No operating system is perfect. Even if there is one, there could be problems with drivers and apps. Linux is no exception. Although it is more stable than Windows (in many cases, not all!), It is likely a time will come when it is necessary to restart the Linux computer. This could be due to the fact that something is not working. Alternatively, you can connect via SSH to a remote computer or server and want to restart it or turn it off completely.
How To Shut Down A Linux PC That Won’t Turn Off
Have you ever tried to shut down a Linux system, only to find that it refuses to shut it down? We’ve all been there. Even the best open-source technology has problems sometimes. If you are tired of having to press the power switch to turn off an unresponsive Linux PC, or you may not be able to physically shut it down because it is a remote machine, this guide is for you! Here’s how to turn off a PC with Linux that won’t turn off.
Please note that data loss may occur when you shut down a Linux system. Always make sure you regularly back up your data to avoid loss.
Below you can find some of the effective methods that you can try right away to shut down Linux PC.
Method 1 – Poweroff
The first way a Linux system can be turned off is by using the poweroff command. This command immediately turns off your Linux system without warning. To use this command, you need to access an emergency terminal window in TTY mode.
Press Ctrl + Alt + F2 to access TTY mode on your Linux computer system. After opening the TTY emergency console, search for the login screen and type “root” as a user. As an alternative, use a username if the root account is disabled.
If you are logged in with the root account, enter poweroff in the command line console to turn everything off immediately.
Or, do sudo -s to get root access with a normal user, so do:
Can’t access TTY because you’re using a dial-up connection? Get root on your remote SSH console with:
Then, with root access, type the shutdown command to immediately shut down the remote computer.
Method 2 – Reboot
Rebooting is another way to take control of a Linux system and force it to reboot. You may want to use this method, unlike stopping, because sometimes the command of poweroff has difficulty working.
To use the reboot command, you must have access to the TTY console. Press Ctrl + Alt + F2 on the keyboard to access it. Then, when the command line console is displayed, enter “root” in the userbox to log in with root access. If you have disabled root access, log in with a traditional user account.
With the root account started, use the command of reboot to restart the Linux system, forcing it to shut down and then turn it back on.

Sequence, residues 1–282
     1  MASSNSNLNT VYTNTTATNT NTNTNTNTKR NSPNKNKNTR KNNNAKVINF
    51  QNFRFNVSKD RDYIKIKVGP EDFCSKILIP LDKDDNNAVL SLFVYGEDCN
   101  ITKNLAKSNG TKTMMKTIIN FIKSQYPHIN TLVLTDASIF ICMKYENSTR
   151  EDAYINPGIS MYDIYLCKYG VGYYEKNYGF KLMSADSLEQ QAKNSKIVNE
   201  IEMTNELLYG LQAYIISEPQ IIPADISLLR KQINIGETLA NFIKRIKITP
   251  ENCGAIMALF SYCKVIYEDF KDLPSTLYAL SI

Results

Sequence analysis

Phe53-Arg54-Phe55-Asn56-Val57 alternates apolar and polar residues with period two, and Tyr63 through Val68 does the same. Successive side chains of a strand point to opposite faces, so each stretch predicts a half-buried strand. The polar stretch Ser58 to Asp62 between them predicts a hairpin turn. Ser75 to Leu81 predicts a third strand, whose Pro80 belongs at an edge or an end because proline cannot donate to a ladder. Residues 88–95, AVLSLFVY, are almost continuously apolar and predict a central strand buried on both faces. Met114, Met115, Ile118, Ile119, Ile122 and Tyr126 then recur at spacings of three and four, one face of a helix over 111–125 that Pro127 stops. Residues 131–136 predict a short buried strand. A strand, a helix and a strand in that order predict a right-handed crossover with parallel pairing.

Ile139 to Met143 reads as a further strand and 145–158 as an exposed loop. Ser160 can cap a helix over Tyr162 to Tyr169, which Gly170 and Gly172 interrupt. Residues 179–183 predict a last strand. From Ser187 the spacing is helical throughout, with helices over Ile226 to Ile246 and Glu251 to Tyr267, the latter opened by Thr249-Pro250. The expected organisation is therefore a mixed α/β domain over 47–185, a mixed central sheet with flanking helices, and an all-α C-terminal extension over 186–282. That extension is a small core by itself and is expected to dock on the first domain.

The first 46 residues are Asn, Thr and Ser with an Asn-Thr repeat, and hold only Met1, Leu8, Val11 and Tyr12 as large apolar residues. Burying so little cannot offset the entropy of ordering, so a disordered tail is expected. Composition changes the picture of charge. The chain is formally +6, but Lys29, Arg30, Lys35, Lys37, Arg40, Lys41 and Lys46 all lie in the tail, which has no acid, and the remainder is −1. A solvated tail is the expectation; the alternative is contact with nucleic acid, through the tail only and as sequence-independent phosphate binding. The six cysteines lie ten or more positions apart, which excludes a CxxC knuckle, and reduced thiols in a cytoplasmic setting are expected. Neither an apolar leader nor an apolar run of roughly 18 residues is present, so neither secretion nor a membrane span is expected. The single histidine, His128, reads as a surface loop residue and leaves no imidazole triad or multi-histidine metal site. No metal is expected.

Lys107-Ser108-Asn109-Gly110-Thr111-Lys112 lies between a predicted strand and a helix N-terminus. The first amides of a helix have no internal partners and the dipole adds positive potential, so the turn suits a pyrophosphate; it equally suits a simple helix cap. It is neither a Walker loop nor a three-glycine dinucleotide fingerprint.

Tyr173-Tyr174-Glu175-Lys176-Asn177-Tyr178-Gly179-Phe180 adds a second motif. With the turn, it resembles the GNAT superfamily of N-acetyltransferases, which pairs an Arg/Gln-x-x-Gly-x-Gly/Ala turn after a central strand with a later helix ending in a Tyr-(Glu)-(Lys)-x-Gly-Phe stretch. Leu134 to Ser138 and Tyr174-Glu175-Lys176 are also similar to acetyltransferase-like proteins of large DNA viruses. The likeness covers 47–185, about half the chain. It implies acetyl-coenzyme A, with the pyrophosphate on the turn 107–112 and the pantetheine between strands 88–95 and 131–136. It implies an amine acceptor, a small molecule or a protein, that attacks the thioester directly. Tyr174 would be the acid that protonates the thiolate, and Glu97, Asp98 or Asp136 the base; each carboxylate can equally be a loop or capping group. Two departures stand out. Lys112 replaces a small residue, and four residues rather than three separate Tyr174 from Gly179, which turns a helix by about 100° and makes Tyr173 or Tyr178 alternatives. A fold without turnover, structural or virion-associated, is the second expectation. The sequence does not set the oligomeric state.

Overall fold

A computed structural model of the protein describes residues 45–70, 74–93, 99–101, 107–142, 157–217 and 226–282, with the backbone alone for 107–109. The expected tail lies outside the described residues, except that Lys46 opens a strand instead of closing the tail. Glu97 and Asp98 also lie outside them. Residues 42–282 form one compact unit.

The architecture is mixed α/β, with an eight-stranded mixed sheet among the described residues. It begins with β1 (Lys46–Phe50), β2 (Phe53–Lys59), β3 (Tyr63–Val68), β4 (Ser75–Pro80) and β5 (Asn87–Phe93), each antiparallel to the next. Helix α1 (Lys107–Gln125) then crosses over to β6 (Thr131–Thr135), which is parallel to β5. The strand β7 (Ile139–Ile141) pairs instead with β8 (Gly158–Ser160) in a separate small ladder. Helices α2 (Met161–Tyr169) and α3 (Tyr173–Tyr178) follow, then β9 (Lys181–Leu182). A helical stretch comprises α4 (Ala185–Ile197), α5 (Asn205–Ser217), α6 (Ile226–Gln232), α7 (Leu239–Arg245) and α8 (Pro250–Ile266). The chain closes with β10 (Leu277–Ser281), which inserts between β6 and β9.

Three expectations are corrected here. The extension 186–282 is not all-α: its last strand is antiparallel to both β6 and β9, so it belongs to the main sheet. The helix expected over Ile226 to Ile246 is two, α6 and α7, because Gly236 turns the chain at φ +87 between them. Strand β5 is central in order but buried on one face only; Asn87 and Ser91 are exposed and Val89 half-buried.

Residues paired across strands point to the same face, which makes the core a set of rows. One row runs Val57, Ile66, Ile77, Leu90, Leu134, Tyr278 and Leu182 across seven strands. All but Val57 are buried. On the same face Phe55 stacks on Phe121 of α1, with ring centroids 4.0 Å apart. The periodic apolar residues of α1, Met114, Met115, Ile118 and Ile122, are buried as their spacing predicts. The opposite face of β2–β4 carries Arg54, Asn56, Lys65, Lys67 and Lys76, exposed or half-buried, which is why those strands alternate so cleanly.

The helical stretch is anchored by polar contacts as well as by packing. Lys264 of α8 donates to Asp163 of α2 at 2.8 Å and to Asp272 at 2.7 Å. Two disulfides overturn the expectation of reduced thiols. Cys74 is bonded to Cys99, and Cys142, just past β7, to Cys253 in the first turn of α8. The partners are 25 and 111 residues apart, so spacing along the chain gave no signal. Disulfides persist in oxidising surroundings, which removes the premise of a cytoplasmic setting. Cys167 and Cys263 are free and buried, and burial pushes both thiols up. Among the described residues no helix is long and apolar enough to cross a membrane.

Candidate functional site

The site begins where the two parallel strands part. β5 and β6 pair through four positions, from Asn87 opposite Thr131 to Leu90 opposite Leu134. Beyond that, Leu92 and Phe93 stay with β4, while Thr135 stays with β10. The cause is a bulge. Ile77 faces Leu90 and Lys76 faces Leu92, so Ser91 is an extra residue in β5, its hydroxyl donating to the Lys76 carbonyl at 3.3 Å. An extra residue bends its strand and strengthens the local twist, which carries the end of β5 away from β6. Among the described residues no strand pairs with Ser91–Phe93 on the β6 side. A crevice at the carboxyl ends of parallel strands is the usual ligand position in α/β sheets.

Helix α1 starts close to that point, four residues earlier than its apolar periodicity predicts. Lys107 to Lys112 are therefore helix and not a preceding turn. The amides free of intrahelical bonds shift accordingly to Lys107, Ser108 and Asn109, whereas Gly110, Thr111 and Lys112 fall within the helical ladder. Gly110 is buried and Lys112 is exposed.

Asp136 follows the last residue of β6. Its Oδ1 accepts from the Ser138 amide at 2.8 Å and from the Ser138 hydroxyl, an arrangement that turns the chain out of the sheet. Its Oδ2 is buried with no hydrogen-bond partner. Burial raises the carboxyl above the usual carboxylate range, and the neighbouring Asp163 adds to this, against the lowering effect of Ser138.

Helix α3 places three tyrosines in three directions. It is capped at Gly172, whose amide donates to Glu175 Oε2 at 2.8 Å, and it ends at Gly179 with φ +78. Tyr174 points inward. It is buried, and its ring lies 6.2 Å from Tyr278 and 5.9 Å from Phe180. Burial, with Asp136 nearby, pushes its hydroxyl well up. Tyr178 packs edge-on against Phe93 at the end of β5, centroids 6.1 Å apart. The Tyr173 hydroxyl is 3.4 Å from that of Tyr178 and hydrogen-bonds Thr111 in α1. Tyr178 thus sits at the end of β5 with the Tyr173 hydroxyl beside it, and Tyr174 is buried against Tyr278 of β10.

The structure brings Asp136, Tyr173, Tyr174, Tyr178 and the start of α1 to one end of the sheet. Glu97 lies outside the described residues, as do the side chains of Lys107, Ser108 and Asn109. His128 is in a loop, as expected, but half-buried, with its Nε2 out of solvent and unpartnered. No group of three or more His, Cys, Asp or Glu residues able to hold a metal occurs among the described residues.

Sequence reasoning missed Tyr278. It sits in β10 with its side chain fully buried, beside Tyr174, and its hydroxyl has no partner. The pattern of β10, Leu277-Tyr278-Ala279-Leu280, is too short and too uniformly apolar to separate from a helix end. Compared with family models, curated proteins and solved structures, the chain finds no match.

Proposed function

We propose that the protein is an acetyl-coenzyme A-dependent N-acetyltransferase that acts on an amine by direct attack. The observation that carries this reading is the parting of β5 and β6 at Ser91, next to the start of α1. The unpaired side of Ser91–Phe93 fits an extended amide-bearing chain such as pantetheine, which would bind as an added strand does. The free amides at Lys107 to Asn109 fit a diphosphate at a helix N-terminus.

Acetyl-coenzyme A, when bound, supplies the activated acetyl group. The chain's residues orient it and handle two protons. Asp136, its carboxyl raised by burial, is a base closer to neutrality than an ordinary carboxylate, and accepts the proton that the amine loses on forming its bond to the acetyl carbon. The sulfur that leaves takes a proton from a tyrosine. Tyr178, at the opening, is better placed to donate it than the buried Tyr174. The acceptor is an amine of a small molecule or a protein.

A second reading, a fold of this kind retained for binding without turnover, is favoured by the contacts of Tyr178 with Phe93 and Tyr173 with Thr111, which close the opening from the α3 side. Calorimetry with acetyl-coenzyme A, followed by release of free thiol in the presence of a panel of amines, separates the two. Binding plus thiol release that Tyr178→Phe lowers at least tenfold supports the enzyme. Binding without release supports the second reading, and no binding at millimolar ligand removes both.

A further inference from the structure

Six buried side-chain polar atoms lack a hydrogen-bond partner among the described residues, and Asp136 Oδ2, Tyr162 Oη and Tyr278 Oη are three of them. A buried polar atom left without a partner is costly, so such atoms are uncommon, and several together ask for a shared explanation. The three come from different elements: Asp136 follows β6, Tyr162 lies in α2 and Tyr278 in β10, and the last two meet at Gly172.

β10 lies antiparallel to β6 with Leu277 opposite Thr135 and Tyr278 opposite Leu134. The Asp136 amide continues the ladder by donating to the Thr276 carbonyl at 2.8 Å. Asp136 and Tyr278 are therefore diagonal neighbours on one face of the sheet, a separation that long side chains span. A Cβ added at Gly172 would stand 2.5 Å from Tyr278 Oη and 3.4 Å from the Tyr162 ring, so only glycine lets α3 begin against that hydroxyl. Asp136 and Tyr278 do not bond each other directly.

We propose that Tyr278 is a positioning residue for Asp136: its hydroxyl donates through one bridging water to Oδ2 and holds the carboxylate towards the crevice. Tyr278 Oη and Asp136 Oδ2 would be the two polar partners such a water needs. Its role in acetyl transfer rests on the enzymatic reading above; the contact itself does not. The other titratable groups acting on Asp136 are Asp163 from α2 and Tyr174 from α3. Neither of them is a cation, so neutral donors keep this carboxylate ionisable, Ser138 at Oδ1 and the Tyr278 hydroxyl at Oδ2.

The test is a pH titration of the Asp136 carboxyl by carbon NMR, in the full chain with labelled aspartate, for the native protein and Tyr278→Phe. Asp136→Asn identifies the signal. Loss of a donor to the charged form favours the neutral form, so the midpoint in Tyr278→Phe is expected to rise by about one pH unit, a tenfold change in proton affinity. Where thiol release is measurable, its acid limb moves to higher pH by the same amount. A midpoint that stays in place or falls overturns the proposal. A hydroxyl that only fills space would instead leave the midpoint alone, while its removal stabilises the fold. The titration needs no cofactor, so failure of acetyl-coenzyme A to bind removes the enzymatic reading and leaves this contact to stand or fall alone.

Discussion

The reboot command also has the ability to completely shut down a system, with the help of a command-line switch. This switch, named as “f”, will tell the reset command to shut down the Linux system completely, instead of restarting it. To use it, enter the following command.
Do you use a traditional user account instead of the root user? do:
Or shutdown Linux system with:
sudo reboot -f
Those who cannot use TTY mode must execute the following commands in a terminal session. Make sure you use “-f” if you want the reboot command to force a shutdown.
Or you can also try
Method 3: systemctl poweroff/reboot
Nowadays the Systemd init system is integrated into most Linux operating systems. One of the most important advantages of using the Systemd init system is that it has many uses that are easy to understand since the command line syntax is simplified.
If you are trying to shut down a PC with Linux and you cannot use the above-mentioned commands, using systemctl poweroff is as good as it says to the Systemd boot system (the tool that helps your Linux system to turn on and turn itself off and does many other things to turn everything off.
Like all the other commands, the best way to force a system to stop, especially if it is blocked or not responding, is to access the TTY emergency console by pressing Ctrl + Alt + F2.
Once the TTY emergency console is on the screen, enter “root” in the userbox to log in to the root account and access the root command line. Alternatively, log in with a traditional user if the root account cannot be used. From there, run the systemctl poweroff command to instantly turn everything off.
Or, if you’re using a traditional user, follow these steps:
sudo systemctl poweroff
Can’t use TTY mode? Enter the following commands in an SSH terminal.
The Systemd shutdown command forces everything to shut down, but if that doesn’t work, try trying the systemctl reboot command to force the machine to reboot.
Or, for a traditional user, use the sudo command.
sudo systemctl reboot
Finally, if you can’t access TTY mode to restart, try the following command below.
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